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8 Things I Hide as a Collegiate Athlete With Mental Illness

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Anyone who lives with mental illness may know that sometimes there are things you feel you have to hide and keep to yourself. Not because you don’t want help, but because you don’t want others to have to deal with what you deal with every day of your life.

I, for one, have become very good at hiding many things when it comes to any of my mental illnesses, and as a collegiate athlete, I’ve found this has become even more prominent. As a collegiate athlete, you are in front of crowds, you have kids who want to be like you when they are older, you have to make sure your scholarships and grades stay where they need to be, and on top of that, you have your personal life. Here is a list of 10 things I hide about my mental disorders as a collegiate athlete.

1. Feelings of pain and hopelessness are hidden behind a smile.

As I’m sure many people can relate to, a facade can be put on to look OK on the outside when in reality you are nothing close to being OK.

2. The struggle of getting up to get to school and practice and being expected to still perform at your best.

If you live with depression, you likely know the struggle of just getting out of bed on an especially bad day, and when those days come and I have school and practice, I know performing at my best just isn’t a thing.

3. The social anxiety of being expected to interact and represent the team well.

As a collegiate athlete, you are seen as a leader. You are many times the face of a sport or even the school. In those moments, people like me with social anxiety can have great difficulty. After keeping myself composed, the minute I get home I just break down.

4. Never feeling like you are good enough or doing your best.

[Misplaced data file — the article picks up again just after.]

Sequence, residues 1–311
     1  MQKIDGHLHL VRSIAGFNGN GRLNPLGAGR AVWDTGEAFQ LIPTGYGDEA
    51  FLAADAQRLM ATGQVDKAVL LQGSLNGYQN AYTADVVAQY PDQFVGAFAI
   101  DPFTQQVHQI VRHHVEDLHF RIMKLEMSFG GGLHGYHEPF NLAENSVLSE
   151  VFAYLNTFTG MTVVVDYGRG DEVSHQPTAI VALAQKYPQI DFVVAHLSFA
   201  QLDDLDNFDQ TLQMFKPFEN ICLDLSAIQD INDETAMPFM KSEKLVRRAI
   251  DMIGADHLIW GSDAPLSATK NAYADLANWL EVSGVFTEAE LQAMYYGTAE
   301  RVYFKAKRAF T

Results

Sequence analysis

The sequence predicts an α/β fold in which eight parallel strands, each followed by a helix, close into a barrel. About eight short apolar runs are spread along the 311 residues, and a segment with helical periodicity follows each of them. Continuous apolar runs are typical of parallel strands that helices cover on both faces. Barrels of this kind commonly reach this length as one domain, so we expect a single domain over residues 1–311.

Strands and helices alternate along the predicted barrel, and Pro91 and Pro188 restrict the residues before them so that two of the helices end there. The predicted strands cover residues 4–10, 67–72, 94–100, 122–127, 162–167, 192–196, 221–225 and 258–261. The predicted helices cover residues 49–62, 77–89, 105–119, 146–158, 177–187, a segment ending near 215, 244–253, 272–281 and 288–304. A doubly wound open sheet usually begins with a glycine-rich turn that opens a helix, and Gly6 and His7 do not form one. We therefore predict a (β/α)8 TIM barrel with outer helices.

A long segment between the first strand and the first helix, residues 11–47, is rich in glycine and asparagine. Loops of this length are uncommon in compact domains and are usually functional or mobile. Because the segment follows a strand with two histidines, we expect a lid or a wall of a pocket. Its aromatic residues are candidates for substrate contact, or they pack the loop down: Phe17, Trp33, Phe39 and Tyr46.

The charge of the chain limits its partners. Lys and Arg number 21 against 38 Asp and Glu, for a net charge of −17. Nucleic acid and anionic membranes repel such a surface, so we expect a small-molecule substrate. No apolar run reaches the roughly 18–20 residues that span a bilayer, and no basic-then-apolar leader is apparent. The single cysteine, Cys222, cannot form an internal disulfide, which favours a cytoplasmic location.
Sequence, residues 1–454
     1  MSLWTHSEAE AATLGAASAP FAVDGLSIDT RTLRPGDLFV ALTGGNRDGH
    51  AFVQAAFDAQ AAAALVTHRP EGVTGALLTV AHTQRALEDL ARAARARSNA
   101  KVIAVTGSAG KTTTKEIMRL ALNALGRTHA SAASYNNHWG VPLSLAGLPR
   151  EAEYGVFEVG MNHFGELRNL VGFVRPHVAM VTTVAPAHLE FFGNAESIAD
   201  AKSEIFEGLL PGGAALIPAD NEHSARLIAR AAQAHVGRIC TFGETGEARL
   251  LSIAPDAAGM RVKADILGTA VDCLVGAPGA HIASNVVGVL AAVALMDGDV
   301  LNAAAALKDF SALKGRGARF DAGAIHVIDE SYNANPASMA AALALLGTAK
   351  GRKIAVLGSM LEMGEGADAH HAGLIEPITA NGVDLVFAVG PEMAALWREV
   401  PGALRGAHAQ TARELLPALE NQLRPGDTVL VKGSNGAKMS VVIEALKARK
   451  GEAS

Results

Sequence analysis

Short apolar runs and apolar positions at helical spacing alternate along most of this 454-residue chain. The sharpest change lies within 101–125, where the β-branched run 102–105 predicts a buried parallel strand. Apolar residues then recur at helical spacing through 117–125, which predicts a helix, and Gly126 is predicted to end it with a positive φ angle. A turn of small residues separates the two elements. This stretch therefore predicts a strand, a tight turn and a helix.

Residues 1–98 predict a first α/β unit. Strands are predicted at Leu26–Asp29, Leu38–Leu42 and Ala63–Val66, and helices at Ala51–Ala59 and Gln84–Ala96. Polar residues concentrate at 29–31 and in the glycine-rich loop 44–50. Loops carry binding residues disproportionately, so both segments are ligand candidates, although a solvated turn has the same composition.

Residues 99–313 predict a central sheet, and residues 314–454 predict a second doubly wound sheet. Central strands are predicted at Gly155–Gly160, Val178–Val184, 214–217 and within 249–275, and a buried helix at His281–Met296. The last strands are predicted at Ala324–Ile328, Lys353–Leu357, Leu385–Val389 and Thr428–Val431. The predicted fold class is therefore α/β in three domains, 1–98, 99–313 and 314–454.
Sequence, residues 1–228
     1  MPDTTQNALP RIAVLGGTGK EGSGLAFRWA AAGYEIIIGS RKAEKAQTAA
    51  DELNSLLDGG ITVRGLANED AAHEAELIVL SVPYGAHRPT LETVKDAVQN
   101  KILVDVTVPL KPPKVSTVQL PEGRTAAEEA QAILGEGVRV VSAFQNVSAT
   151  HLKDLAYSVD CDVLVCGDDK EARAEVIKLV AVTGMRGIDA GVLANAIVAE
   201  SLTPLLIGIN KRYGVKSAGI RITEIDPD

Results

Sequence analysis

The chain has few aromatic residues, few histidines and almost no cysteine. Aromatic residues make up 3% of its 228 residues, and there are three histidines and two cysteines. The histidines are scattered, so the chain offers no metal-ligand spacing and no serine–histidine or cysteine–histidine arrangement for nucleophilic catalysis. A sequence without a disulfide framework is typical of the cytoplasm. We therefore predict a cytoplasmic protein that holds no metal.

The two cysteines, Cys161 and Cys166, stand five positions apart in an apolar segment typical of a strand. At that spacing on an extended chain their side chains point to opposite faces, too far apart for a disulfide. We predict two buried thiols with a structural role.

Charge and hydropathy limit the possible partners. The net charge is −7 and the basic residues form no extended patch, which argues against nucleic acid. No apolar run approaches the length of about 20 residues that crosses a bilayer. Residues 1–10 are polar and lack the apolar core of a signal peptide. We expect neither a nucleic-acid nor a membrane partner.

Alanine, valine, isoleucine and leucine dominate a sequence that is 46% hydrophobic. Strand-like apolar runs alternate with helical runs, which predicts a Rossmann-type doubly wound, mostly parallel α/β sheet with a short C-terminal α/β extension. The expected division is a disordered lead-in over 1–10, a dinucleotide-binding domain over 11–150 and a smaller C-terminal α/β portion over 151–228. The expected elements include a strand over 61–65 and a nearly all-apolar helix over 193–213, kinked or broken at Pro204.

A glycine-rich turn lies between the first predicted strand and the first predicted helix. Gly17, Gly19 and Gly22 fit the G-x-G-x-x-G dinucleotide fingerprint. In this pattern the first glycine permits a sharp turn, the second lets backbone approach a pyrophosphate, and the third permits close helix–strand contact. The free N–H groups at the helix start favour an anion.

With any sport, players are always trying to become better so they can beat their opponents. At a college level, that couldn’t be more true. As with any athlete, there come times when you know you could’ve done better or gave it more. But with my depression, I struggle with self-worth on a daily basis, and combining that with competitive sports I’ve found can drop one easily back into a depressive episode.

5. Wanting to reach out for help, but feeling scared or not worthy of being helped.

Struggling with my disorders, I have oftentimes wanted nothing more than to reach out and ask for the help and support of others, but most times I won’t. In those moments, it’s because I don’t feel worthy of your help, but also I’m scared that if I opened up I would be seen as “weak” and not be treated as myself.

6. Hiding who I really am for the sake of an image.

Because college athletes are often looked at as leaders, strong, the “cream of the crop,” we can be stigmatized with this almost unbeatable image or as the “Spartans” of the school. Because of this stigma, I oftentimes hide who I really am and instead try to be what the world expects me to be.

7. The overwhelming emotions.

Emotions can be elevated many times throughout a sports year. If you win or lose, make a vital play, miss something that caused a game changer — there are so many emotions involved in sports. And when emotions are elevated because of a disorder, I’ve found that’s when problems can start to arise, and the emotions can interfere with how we play our sport.

8. The bravery.

Anyone with any mental disorder, especially the demon known as depression, knows how hard it can be. One of my favorite quotes is “You wake up every morning to fight the same demons that left you so tired and broken the day before, and that, my love, is bravery.” I believe this word describes living with any mental illness. Many people may not see the strength these individuals have and the bravery it can take to continue every day.

As a collegiate athlete, I go through many of the same things people all over the world go through every day. In the future, I hope this stigma around college athletes, or any athlete for that matter, can be put down, and that steps can be made towards helping them — no matter who they are, what they do, or where they are going — to be supported in the battle against the demons inside their heads, and that no mask or facade will need to be put on by anyone.

Image via Thinkstock.

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Originally published: January 11, 2017
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